If you were an adult living in Evansville from 1947 until 1950, you likely began your morning with a cup of percolated Folgers coffee and the floor model radio in your living room tuned to WGBF, broadcasting from its studios Downtown. A charming woman named Pat Roper hosted the morning show, called “Toast and Coffee,” which featured the smooth piano and singing voice of Belford Hendricks, an African-American whose friends called Sinky.
The same year Jackie Robinson broke the color sports barrier, WGBF took a wild risk by having an integrated program on the air. It featured live music, guest interviews, and the news by J.C. Kerlin. The national networks did not permit integrated live radio shows yet.
Downtown’s nightspots included the Lamplight, the Blue Bar, and the New Yorker. In those days, most bars offered live entertainment all week, and Hendricks could often be found performing on the piano.
Born in 1909, Hendricks graduated from Frederick Douglass High School, which became Lincoln High School. He worked his way through college playing piano at local nightclubs and working as a postal carrier (a rare job for an African-American in the Depression). He also bussed tables in the McCurdy Hotel’s elegant dining room. After moving to New York in the 1950s, Hendricks worked as a music arranger and part-time band musician in various studios, becoming a highly sought after arranger, songwriter, and orchestra leader. Some said he was a genius, arranging hit songs for greats such as Dinah Washington, Sarah Vaughan, and Nat King Cole. His arrangement of “What a Difference a Day Makes” for Washington reached No. 4 on the hit parade in 1959.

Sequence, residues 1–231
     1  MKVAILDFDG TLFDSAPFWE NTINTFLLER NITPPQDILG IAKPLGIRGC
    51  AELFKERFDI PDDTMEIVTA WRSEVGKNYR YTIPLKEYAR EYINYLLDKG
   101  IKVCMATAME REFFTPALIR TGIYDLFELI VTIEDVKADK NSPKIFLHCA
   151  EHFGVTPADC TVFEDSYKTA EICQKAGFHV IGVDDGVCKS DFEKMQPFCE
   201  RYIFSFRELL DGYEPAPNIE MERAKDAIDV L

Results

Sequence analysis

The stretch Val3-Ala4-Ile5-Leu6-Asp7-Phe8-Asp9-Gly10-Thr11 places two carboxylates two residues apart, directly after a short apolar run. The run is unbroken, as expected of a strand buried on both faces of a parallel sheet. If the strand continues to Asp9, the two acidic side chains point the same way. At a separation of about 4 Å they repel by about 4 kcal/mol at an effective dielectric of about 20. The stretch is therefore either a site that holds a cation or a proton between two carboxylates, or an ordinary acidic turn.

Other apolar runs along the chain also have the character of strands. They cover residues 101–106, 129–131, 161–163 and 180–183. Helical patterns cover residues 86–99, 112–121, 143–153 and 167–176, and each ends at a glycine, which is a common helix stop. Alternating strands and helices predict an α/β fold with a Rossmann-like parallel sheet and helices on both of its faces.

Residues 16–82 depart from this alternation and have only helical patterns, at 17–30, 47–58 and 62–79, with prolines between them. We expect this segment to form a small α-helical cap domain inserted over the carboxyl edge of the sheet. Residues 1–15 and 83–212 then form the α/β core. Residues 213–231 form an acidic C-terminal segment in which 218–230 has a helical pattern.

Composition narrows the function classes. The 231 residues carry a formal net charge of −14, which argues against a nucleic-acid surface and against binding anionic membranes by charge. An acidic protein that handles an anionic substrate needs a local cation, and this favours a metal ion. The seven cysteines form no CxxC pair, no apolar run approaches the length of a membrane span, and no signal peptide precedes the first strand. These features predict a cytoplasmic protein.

In 1962, Hendricks was named vice president of Argon Records, which was a division of Capitol Records primarily recording innovative jazz of the early 60s. It was at Argon when he teamed up with Cole, arranging the mega hit “Ramblin’ Rose” in 1964. Shortly after retiring in the early 1970s, Hendricks died in 1977.